A “lemon car” describes a Maine vehicle that you purchased that has a manufacturing defect that cannot be repaired, and which has resulted in reducing the usability, safety, or value of the car.
Under the Maine lemon law, it is the car manufacturer’s responsibility to make things right if your vehicle qualifies as a lemon.
This page will provide you with a simple overview of the lemon law requirements, criteria, and process in Maine.
For more information regarding your own vehicle, be sure to contact legal counsel or your state’s consumer’s affairs office.
What is the Maine Lemon Law?
The Maine lemon law sets requirements for car manufacturers to refund or replace vehicles that have safety or quality defects that cannot be repaired.
If your vehicle qualifies, you can typically choose to either:
- Have the vehicle replaced with a new one.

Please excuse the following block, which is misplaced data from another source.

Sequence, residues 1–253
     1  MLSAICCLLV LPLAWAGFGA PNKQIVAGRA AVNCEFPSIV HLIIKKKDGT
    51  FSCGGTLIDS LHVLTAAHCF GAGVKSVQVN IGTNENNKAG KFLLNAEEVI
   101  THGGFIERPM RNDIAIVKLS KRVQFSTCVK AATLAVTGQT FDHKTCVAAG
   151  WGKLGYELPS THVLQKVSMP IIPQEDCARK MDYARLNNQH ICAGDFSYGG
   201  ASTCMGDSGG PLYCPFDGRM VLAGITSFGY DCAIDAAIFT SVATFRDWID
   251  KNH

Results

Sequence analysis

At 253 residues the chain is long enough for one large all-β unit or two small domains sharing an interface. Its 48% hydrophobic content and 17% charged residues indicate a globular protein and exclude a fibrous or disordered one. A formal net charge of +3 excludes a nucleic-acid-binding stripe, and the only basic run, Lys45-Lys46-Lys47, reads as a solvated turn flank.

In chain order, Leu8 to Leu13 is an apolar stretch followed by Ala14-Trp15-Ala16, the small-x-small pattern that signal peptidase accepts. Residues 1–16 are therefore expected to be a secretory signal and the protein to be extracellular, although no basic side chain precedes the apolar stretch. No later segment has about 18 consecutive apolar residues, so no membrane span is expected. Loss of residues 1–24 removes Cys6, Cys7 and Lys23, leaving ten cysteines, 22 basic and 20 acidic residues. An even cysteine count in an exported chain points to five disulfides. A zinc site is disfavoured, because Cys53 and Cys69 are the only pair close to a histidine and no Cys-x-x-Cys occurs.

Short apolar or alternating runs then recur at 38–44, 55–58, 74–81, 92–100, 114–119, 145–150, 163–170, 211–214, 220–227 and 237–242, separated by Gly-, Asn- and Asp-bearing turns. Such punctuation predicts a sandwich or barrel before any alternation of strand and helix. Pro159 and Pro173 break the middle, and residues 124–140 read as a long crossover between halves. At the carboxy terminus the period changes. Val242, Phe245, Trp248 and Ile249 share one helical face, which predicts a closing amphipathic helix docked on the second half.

- Be refunded for the purchase of the lemon.
Lemon Law Criteria in Maine
In order to qualify for Maine’s lemon law, the vehicle must meet the following criteria:
- 3 failed repairs, 1 failed repair for a serious issue (brakes or steering systems), or 15 business days out of service.
- Issue occurs within 3 years, 18,000 miles, or the warranty period, whichever comes first.
Does lemon law apply to used cars in Maine?
Yes, as long as the vehicle is still within the timeframes outlined in the Maine lemon law, subsequent owners are still covered for used vehicles.
What to Do if Your Car is a Lemon in Maine
If you believe you’ve purchased a lemon car in Maine, the process will go something like this:
- Make the necessary attempts to have the issue repaired under the manufacturer’s warranty.
- Keep records and documentation of all service, communication, and estimates from the dealer, manufacturer, or other authorized agent.
- If you believe the vehicle meets the criteria of a lemon, notify the manufacturer to begin the lemon-law remedy process.
In Maine, there is a state-run arbitration program you are able to use.
For official information or legal advice pertaining to your specific circumstances, please contact your attorney or the Maine consumer protection agency.